Mexicable Cable Car in Mexico City
Mexicable Cable Car in Mexico City
After Irmante finished her studies at lunch time, she skipped her afternoon Spanish class so that she we could hang out. We caught the metro to the end of Line 3 to Verdes Indio. From there we caught the free Mexicable Bus for 20 minutes through Mexico City traffic to the start of the Mexicable system.
Mexicable is cable-car gondola transportation that just opened in October 2016, and runs over the some of the poorest slums/favelas of Mexico City as public transport to get locals to and from the city.
The pristine Mexicable system has seven stops and costs 6 pesos ($0.30) to ride. The entire 5kms commute takes 17 minutes.
The Mexicable itself is nothing like anything else mechanical in Mexico.
Mexicable shines. It is fresh. It glistens. It is beautiful. And it has a really cool name.
Security guards control the whole system and each metro system is a work of art, literally. Graffiti artists from Mexico, Argentina, Canada, United States, and Colombia where hired to paint gorgeous murals on the buildings below to be seen for the duration of the trip. Besides typical murals on the sides of buildings, rooftop graffiti sits directly below. Everyone seems to have wanted a part of the beautification action.
One of the riders in the gondola with us told us about the greatest part of the ride: the safety. Before the pristine Mexicable opening in October, buses and vans were used to transport workers from their homes on the mountain into Mexico City. These buses and vans were often subject to robberies and hijackings. The robberies are no longer an issue with those who use the Mexicable, which transports 18,000 people each day. Although the monstrosity of Mexico City’s population never seems to end, a fellow gondola passenger told us that the Mexicable system is actually in the state of Mexico rather than a part of Mexico City itself. Without being shown, it is impossible to locate the line that separates the two as the housing just carries on and on.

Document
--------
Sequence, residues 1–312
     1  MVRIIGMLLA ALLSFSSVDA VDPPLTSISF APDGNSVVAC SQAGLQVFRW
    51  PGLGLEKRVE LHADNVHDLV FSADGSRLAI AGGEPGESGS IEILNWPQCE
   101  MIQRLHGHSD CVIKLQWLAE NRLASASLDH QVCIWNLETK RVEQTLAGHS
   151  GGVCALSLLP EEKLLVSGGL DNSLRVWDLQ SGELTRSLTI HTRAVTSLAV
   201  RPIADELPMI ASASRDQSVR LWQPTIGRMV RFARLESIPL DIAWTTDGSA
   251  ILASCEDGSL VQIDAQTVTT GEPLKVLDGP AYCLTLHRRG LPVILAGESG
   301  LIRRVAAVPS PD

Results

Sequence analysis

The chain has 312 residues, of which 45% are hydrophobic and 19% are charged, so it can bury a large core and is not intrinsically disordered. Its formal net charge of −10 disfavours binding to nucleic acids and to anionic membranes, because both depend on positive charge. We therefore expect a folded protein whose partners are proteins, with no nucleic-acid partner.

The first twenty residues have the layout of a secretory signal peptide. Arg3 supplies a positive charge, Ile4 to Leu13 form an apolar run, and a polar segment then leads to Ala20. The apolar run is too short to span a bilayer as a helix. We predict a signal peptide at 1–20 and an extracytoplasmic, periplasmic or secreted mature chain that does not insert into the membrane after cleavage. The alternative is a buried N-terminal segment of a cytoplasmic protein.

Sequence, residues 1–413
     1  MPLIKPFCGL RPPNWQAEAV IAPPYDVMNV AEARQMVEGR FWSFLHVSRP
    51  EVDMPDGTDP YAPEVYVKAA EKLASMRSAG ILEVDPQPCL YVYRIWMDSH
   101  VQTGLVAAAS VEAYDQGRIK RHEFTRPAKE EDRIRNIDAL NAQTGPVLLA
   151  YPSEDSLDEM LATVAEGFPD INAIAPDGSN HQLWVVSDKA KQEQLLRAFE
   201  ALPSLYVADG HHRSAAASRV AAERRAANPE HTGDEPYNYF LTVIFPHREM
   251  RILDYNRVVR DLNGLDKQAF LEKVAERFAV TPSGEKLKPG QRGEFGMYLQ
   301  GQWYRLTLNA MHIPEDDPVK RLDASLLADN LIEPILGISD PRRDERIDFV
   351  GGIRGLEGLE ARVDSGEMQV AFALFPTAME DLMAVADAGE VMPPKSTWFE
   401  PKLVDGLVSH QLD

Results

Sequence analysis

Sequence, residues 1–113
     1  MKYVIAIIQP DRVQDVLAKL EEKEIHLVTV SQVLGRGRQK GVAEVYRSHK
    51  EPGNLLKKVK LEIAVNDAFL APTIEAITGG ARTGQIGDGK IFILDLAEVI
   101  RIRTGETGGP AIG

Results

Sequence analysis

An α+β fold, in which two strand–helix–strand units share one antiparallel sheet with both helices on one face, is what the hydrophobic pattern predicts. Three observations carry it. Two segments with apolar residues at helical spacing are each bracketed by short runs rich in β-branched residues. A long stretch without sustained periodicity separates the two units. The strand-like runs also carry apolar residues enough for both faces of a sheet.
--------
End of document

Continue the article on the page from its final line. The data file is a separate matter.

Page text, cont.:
Mexico is so vibrant.
There are sections of the favelas that seem to have color codes. It is as if someone stipulated, ‘In this area, you will only be allowed to paint your house purple, pink, yellow or turquoise.’ It is incredible.
On the way to the top, we asked a young Mexican who works in a hotel in the city where the best stop would be for us to get off. He looked at our skin and said, “It is better if you do not get off.” He did not want any chance of harm to come to us. Our friend departed at Station 5 and we carried on to the top at Station 7 where we got off the Mexicable system against his prior judgment. I guessed that no one was going to approach us and stab us in broad daylight.
We walked down the main street all the way back down to Station 5. The streets were actually very calm and quiet with very little traffic on them. At Station 5 we turned around and walked back up to Station 6 where we got back on the Mexicable and rode it to the top again, stayed on, and rode it back down the entire length to the bottom again.
Mexicable is a great experience and it is something that you need to do should you ever visit Mexico City.
Even if you do not care for heights or sights, the warmth of the locals sharing the ride with you will be certain to make the ride a pleasurable experience. And if you never get off the Mexicable, the entire 34 minute journey to look down into: the lives of the locals, the mechanics fixing cars, the cemetery, the blockade yards full of collected iron, the ladies hanging laundry, the dog on rooftops…will cost you all of 30 cents to view from above.